1. Can you tell me about your education background?
Please refer to an Master’s self-introduction in Part One of this book.
2.What is a classification society? What is the purpose of classification survey? Please list some famous classification societies in the world.
A classification society is usually an independent organization that carries out classification surveys, statutory surveys([船舶]法定检验.[ˈstætjutəri]), surveys related to notaries matters for ships, offshore installations, marine freight containers, materials and marine equipment. It also provides safety management certification services to shipping companies and their ships. The purpose of classification survey is to evaluate the situation of a ship and the management of a company and its ship.
Some of the famous classification societies are: NK(Japanese 日本海事协会), CCS(Chinese classification society), ABS(American), DNV(Norwegian), LR(British Lloyd 英国劳氏), GL(German Lloyd 德国劳氏), KR(Korean), RINA(意大利船级社)。
3.Can you talk about the previous vessels worked on board?
Please refer to an master’s self-introduction in Part One of this book.
4.What type of cargo was carried on board your last vessel?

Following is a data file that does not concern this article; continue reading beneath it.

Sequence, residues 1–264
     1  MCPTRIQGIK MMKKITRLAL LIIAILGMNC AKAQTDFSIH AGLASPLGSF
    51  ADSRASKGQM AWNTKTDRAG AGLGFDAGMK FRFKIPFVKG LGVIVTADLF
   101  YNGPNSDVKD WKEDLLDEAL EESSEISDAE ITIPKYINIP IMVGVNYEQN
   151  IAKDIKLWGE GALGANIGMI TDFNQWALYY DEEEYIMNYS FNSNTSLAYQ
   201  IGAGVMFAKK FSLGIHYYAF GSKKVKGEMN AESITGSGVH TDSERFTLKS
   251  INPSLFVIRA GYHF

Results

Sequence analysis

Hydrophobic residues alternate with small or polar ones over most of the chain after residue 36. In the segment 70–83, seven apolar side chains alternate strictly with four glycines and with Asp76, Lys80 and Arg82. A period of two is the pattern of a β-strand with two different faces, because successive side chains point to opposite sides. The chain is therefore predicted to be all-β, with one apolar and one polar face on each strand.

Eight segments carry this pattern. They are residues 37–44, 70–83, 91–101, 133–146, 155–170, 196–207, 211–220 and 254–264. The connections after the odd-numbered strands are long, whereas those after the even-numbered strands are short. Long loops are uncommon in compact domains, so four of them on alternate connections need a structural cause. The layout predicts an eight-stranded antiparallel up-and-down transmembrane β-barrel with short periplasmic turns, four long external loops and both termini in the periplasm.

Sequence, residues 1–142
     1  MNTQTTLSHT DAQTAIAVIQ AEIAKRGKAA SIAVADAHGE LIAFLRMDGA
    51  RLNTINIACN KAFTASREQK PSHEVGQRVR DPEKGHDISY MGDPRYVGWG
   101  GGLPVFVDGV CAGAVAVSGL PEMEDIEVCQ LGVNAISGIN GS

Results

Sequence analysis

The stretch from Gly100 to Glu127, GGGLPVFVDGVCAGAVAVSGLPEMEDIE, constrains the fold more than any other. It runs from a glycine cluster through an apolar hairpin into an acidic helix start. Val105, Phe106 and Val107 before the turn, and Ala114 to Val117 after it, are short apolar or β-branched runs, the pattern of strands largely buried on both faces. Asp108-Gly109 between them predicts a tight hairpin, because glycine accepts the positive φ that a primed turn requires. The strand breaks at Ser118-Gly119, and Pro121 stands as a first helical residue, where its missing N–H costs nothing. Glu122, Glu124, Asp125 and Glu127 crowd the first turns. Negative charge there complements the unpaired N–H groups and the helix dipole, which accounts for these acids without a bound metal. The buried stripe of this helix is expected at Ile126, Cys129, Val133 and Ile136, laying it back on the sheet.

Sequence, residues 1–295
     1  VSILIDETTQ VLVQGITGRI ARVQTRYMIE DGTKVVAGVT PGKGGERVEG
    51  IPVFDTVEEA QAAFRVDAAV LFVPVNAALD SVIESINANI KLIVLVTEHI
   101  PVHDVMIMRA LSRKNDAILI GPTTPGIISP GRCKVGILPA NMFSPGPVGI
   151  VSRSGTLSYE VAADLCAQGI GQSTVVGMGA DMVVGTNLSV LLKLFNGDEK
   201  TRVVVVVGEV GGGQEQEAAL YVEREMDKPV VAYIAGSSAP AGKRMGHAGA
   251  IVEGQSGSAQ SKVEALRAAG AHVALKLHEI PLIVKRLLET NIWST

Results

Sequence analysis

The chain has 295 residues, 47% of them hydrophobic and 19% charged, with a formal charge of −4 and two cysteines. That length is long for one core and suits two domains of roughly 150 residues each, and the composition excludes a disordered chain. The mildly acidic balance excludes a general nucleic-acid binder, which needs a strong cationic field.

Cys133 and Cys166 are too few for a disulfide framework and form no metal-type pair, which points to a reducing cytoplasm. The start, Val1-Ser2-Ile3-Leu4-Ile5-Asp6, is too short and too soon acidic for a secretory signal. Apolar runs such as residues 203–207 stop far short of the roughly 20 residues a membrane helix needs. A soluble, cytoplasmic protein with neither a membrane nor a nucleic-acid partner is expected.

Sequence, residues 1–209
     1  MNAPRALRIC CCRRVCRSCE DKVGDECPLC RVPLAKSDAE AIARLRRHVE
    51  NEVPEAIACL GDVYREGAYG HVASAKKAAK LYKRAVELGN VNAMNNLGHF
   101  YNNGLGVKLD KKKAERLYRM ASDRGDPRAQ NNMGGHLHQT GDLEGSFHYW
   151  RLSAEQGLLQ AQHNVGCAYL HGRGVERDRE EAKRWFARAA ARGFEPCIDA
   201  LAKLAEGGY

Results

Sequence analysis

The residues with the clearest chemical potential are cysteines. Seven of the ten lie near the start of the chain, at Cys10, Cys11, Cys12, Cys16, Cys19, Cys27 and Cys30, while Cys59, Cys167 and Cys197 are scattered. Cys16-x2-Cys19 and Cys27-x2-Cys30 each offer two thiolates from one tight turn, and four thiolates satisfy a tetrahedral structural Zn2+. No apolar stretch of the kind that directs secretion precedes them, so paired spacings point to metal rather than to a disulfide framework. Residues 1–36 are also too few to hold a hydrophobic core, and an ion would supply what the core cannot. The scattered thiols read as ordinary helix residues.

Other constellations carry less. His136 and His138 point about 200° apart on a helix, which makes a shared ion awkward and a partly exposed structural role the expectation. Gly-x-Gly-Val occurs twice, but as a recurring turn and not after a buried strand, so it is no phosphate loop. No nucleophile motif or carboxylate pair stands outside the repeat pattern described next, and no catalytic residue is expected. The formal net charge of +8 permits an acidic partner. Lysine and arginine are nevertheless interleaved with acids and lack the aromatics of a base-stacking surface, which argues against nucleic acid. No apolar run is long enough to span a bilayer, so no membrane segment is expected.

Bulk cargo: cement, cement clicker, nickel, ore, iron, sand, phosphorus rock, potash in bulk, salt, grain, pet coke, coal etc. Urea fertilizer, lime
General cargo: vehicle, loader, wagon, heavy lifts, over-length cargo, mine equipment, steel construction material.
Other: log, plywood, container, and so on.
5.Where was your last vessel’s trading area? Which ports have you called?
I have rich experience in calling the ports in the US, some developing countries and in the passage through the Suez C***, Panama C***, and Denver Strait, and Denmark Strait. Nagoya; Oita;Tobata;Osaka;mu;Dampier;Walcoot;Gladstone;Haypoint;Merkey;Hedland
Some useful expressions for trading areas: 全球航线ocean-going, world widely, globally, worldwide; 固定航线 fixed route.
6.Can you tell me the differences between the Chinese stateowned shipping companies and foreign shipping companies?